• YongsanLegacy posted an update in the group Group logo of Do you remember when?Do you remember when? 1 week ago

    Note from Doug Ricker
    I remember in the early 80s the command was big on curbing black market activities. For a period of time, they would have uniformed military at the checkout lanes in the PX and Commissary to review what the patrons were buying. They would wear brassards that had “PR” on them. PR stood for Purchase Reviewer. If a patron would purchase a suspected black market item, the PR would anvil a second card and it was forwarded to the ration control office. Not sure what was done with the card but the PR program was killed after not too long of a period

  • YongsanLegacy commented on a Photo in the group Group logo of The Forreys on postThe Forreys on post 1 week ago

    Note from Doug Ricker:
    I was an intern in this building from 1983-1984. Then I worked as a budget analyst in that building 1985-1992. Then AGAIN 2005-2014.

    I was selected for the HQDA Comptroller Intern program in June 1983. When I reported, I noticed that there was no air conditioning in the building. However, the Garrison allowed employees to chip in and purchase window ACs for the office. As for the base, I loved having the golf course on South Post. It was very convenient. During the summers, you could go to the course after work and get in nine holes before dark. The golf club had tee time drawings on Wednesday. There was major bonding during the drawings. Our group would have someone go to the club around 4:00 in order to stake out tables as the club would be packed. The clubhouse was Commiskeys. Those were the days. Great memories from those times.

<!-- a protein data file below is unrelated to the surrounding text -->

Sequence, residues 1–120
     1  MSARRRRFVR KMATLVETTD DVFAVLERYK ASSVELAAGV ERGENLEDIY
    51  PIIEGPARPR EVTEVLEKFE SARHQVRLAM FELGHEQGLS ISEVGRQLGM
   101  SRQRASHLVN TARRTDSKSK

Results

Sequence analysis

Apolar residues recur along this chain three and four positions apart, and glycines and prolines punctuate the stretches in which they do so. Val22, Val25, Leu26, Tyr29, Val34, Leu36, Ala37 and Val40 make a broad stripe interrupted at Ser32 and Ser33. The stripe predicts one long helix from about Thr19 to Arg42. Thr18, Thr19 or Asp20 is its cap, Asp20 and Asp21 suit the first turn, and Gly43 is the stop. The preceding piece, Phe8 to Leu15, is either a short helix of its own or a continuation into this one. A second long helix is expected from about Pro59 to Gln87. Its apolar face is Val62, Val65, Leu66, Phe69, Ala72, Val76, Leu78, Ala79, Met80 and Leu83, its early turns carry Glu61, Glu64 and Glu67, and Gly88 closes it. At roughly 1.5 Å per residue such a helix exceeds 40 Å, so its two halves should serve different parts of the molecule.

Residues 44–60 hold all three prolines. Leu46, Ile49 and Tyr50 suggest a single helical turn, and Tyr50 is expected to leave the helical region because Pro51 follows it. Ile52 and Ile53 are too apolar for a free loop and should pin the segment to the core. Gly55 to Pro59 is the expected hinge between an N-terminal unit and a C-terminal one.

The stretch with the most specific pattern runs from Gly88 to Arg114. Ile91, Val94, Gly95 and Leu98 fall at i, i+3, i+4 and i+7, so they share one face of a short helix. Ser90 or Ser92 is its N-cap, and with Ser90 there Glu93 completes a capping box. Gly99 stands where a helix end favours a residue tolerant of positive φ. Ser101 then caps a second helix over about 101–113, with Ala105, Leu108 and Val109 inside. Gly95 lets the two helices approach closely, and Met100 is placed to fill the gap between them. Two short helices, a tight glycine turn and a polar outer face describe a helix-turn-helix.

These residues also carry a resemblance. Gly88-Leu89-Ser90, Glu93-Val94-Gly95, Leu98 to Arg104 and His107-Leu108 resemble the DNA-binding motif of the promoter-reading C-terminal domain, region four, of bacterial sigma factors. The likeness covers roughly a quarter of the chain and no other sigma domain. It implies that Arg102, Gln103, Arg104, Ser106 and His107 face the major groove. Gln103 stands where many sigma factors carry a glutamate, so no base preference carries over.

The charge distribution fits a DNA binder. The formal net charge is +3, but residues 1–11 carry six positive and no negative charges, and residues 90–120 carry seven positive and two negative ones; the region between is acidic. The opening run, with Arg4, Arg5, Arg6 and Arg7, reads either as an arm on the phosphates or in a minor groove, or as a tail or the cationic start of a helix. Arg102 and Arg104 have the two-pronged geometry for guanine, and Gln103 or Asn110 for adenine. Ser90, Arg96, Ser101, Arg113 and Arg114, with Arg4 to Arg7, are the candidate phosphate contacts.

I also remember in the early 80s the command was big on curbing black market activities. For a period of time, they would have uniformed military at the checkout lanes in the PX and Commissary to review what the patrons were buying. They would wear brassards that had “PR” on them. PR stood for Purchase Reviewer. If a patron would purchase a suspected black market item, the PR would anvil a second card and it was forwarded to the ration control office. Not sure what was done with the card but the PR program was killed after not too long of a period.